Our own coffee’s (AWAKN, duh) finished, off we went to the Lower Quartz Lake, just ‘a little hill’  through the 3 miles to get there, so said Dave. What we actually tackled was a giant climb through bear woods on a trail lined with ripe huckleberries (aka a bear breakfast buffet, hmmm), and a mosquito-ridden lakeshore bog. But, we got to the lake and snacked on a log bridge at the head. Lovely. And time to go!

Bowman Lake

[Bowman lake - photo cred @awakn.tiff]

One last dip in a GNP mountain lake. The shore at the parking lot was a bit more populated than when we left, so we socially distanced ourselves, cheers’d to the success of our adventures, and plunged into the clear as ice water. Now it was really time to go.


10 minutes into ‘leaving’ the park, we pulled over into the post-cardy old western town of Polebridge, MT and had a brewsky and bison burger at the Northern Lights Saloon. It was a very good burger, notwithstanding its relation to eating dehydrated bag food for almost a week. 

[Northern lights Saloon pic-- photo cred @awakn.tiff]

We really left after that. Headed towards Bozeman, MT and back to reality with a lifetime of memories ingrained in our brains and miles logged in our boots.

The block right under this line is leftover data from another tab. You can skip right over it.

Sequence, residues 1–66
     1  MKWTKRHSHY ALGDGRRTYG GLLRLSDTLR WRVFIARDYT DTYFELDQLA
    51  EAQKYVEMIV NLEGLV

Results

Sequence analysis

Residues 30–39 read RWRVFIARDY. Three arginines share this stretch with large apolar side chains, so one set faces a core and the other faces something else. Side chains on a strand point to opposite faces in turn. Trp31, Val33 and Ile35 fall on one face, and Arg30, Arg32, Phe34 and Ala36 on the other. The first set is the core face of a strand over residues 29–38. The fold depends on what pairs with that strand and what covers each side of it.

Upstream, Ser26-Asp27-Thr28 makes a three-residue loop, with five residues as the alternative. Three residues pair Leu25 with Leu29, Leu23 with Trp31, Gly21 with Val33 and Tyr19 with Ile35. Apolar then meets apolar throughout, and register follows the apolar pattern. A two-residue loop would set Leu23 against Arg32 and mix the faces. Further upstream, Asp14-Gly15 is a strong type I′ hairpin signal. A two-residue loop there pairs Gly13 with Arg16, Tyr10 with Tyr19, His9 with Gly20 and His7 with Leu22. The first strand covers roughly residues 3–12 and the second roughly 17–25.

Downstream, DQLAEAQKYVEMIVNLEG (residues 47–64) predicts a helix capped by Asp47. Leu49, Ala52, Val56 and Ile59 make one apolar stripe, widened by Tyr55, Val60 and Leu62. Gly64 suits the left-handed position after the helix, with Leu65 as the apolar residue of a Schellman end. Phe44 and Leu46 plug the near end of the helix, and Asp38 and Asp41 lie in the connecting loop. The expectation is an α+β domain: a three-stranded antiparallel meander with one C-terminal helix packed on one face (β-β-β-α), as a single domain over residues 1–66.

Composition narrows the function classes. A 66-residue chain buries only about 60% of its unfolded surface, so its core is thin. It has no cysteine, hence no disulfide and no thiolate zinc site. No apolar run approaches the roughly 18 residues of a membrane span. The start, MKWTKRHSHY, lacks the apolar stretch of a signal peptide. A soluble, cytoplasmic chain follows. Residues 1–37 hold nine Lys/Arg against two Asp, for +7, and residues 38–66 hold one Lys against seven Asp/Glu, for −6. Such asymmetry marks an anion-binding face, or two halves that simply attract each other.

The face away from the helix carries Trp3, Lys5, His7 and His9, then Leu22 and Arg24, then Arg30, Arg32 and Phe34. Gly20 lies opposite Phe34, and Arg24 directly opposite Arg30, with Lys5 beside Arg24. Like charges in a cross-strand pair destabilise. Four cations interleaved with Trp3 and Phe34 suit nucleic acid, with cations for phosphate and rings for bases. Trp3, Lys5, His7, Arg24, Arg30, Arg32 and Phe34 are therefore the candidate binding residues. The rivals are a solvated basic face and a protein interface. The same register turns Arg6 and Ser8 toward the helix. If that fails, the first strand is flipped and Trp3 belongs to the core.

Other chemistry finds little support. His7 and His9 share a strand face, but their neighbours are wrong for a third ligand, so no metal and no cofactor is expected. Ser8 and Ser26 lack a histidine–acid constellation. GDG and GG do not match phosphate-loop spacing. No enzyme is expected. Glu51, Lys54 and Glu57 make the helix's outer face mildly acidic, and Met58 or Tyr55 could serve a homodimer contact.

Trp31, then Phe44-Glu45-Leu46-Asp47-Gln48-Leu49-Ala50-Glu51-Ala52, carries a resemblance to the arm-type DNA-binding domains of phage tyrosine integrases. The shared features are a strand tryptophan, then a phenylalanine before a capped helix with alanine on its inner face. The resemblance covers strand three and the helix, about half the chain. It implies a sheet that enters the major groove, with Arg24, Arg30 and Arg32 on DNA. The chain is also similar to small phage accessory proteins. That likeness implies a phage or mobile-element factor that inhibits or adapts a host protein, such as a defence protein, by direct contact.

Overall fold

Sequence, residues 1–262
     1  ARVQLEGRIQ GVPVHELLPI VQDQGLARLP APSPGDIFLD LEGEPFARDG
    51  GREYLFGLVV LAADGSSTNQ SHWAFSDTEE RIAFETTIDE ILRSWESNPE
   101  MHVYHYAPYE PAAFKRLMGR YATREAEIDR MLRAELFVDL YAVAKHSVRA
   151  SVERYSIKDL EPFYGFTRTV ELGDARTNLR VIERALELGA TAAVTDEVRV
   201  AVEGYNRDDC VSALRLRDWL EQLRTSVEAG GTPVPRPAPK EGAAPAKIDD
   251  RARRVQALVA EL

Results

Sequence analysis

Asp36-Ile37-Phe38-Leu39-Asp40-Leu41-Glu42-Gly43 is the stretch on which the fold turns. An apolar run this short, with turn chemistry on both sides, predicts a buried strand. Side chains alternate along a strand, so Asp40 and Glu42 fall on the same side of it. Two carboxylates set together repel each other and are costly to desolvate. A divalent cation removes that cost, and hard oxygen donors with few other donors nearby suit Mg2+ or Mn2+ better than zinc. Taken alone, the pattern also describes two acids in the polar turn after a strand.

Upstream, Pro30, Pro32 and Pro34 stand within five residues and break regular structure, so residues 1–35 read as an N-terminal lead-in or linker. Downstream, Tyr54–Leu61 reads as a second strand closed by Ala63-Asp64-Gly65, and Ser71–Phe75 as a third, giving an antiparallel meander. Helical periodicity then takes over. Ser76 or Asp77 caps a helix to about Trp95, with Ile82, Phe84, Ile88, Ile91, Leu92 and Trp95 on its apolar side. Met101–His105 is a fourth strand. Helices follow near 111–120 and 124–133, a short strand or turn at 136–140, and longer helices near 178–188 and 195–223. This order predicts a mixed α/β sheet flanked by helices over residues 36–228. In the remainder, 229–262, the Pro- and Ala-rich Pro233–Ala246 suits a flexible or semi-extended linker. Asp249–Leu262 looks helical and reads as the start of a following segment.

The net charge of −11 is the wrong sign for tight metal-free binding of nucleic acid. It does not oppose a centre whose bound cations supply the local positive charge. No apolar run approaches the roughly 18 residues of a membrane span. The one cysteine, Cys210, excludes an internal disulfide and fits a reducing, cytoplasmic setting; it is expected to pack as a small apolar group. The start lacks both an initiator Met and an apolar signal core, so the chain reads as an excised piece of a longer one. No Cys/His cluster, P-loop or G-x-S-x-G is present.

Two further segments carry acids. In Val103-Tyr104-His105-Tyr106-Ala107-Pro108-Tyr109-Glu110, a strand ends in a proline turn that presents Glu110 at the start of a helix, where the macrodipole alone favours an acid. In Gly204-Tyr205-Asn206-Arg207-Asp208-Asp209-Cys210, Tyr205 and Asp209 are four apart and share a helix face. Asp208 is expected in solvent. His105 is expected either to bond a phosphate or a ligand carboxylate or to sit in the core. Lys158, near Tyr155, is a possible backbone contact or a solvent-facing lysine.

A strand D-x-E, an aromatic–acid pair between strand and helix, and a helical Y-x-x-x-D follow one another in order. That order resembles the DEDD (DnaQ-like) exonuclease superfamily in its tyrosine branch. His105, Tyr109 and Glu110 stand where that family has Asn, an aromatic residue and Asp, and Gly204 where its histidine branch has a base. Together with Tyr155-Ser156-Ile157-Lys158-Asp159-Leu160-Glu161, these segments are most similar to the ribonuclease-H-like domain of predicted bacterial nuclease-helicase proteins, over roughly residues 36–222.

Our Glacier stats:

  • 5 days, 4 nights
  • ~51.6 miles hiked
  • 4 glaciers, 5 lakes, endless waterfalls and rivers
  • 3 bears, 2 foxes, 2 bald eagles, several rams, deer and marmots, and mountain goats
  • Wildflowers out the wazoo
  • 1000’s of true laughs and heartfelt moments with my friend Raina


  • Sturdy boots
  • Hiking poles (I <3 my cork-handled Black Diamonds, similar here)
  • Bear spray
  • AWAKN collagen coffee w/ MCT oil
  • Trail snacks (jerky, roasted nuts, almond butter…)
  • Dehydrated spinach (nutritious & lightweight) 
  • Bug net jacket (game-changing nerd-alert)
  • Wide brim hat
  • A guide book & map (no phone signal in most of the park)
  • Your adventurous spirit

*Note: Out of respect for the Blackfeet tribe and their susceptibility to COVID-19, the East side of the park was closed to visitors. Please continue to show respect for your fellow humans by wearing a mask in public, washing your hands regularly, and avoiding highly populated or vulnerable areas.